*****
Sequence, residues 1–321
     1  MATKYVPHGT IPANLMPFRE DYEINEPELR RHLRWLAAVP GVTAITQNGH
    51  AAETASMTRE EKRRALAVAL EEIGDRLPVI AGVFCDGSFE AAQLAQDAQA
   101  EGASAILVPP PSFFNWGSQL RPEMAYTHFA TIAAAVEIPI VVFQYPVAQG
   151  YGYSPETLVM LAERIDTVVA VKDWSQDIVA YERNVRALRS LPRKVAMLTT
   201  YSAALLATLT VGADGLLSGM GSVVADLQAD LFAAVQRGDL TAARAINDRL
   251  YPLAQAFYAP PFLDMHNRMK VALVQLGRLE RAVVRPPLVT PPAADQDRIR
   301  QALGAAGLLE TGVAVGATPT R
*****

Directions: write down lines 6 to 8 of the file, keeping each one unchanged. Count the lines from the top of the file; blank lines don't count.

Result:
   201  YSAALLATLT VGADGLLSGM GSVVADLQAD LFAAVQRGDL TAARAINDRL
   251  YPLAQAFYAP PFLDMHNRMK VALVQLGRLE RAVVRPPLVT PPAADQDRIR
   301  QALGAAGLLE TGVAVGATPT R